Everyone has a guilty pleasure or two. Without them I don’t think we’d be the people we are. Oh, there may be one or two people out there who claim to watch only Public Television (always said with capital letters) and to never eat at McDonald’s, but do we really believe them? And don’t we think them a little odd? No, guilty pleasures are everywhere. My husband, for example, is debating whether to go see the Monkees on tour this summer. And I have another good friend who seems to know far too much about Snookie….
So I’ll admit it: I like “Hoarders.”
For those of you pretending not to know what I’m talking about, “Hoarders” is a show on the A&E Network, now in its 3rd season. It has racked up over 40 episodes, all with essentially the same theme: an otherwise very nice person has a terrible obsession: hoarding things. Buying, boxing, hanging, crating, piling, cataloging and saving… things. Things and more things. For many it has led to divorce, loss of a business, even criminal charges.
Despite the “watching a train wreck” fascination of the show itself (I did say it was a guilty pleasure), each episode is about a real person, trapped. And not just by the things around them, but by their own obsessions and habits and (in some cases) real illnesses.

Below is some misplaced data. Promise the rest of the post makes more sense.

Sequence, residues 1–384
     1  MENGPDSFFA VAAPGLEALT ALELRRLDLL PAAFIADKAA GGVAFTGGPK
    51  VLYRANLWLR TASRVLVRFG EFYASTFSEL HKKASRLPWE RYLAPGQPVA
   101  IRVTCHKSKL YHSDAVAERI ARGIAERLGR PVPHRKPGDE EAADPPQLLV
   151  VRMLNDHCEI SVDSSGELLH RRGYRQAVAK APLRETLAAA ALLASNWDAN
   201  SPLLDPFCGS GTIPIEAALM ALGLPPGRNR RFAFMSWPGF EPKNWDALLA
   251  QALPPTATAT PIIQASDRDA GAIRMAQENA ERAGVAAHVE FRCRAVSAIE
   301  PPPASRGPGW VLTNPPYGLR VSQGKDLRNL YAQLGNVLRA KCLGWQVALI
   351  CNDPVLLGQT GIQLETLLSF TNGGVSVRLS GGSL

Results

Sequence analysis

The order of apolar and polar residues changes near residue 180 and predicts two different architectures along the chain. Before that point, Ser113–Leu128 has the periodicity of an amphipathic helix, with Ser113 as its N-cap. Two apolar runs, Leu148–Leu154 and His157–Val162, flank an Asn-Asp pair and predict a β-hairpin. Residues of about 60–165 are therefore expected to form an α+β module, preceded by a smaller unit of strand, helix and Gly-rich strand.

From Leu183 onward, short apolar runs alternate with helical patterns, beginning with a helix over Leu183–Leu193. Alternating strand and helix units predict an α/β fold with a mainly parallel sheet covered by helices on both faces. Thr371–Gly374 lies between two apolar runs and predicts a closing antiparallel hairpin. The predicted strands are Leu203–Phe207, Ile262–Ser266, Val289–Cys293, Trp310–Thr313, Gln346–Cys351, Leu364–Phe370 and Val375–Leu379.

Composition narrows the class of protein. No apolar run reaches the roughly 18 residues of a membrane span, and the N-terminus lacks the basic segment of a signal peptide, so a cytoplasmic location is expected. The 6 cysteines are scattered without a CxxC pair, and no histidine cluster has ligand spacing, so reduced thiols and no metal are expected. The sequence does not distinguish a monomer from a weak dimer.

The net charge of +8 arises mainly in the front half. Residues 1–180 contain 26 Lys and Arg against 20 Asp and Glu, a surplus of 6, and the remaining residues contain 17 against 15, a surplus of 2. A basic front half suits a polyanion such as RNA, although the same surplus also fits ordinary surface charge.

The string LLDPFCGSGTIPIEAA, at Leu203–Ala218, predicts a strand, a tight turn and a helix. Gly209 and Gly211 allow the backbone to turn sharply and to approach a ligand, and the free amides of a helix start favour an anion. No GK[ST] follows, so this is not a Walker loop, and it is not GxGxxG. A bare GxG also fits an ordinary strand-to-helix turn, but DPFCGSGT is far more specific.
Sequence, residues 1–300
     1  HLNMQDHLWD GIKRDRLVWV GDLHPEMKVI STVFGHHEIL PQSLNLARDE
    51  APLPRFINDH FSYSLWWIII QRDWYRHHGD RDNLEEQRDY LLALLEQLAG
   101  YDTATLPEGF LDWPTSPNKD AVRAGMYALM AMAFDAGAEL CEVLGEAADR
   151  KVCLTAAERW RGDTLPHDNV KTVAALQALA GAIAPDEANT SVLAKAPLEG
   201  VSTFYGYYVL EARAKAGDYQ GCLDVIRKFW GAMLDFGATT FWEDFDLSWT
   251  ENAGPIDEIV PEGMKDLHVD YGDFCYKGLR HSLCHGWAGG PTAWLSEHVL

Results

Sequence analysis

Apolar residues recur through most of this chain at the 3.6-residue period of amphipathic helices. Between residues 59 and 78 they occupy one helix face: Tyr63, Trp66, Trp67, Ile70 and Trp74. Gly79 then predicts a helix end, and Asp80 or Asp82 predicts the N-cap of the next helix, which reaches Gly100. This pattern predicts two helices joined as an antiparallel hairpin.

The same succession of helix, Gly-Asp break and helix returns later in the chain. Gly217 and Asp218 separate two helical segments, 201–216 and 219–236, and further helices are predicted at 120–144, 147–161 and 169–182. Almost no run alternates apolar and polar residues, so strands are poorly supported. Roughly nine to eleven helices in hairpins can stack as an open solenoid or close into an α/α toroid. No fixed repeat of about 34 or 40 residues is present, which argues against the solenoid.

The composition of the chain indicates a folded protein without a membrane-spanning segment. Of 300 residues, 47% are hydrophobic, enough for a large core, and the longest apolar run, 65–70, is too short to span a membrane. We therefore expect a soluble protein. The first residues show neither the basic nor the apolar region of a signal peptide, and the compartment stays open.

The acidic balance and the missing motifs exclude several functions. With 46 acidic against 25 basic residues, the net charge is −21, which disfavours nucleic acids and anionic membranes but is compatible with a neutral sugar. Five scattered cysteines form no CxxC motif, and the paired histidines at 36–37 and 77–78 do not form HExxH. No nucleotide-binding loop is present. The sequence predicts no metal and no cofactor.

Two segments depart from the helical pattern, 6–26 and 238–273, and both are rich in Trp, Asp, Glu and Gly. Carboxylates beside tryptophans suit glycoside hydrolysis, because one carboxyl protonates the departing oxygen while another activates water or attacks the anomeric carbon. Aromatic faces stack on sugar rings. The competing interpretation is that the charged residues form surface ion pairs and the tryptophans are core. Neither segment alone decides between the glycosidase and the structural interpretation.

But how much hoarding is more subtle, more amorphous? How often do we collect and save, not physical things, but emotional ones? A grudge here, a slight there. Impatience. Failure to listen. Disrespect. Now and then these things happen to everyone (and, by the way, now and then we do them ourselves). When we’re healthy we deal with them through caring conversation, or, sometimes, by recognizing them for the accident they are and then just letting them go. But not always.
Now with every client I meet, I look for this type of hoarding. I ask questions designed to help people unpack such behaviors and, when they find them, to uncover what might be packed behind those behaviors. And I, as their coach, need to recognize those behaviors in myself, too, in order to be in the best service for my clients. We should all be looking for those small piles of mental and emotional artifacts that get in the way of our being our best selves. They’re always there, and we must always be working to find them, sift through them, and throw away what no longer works for us, what no longer matters, what only holds us back.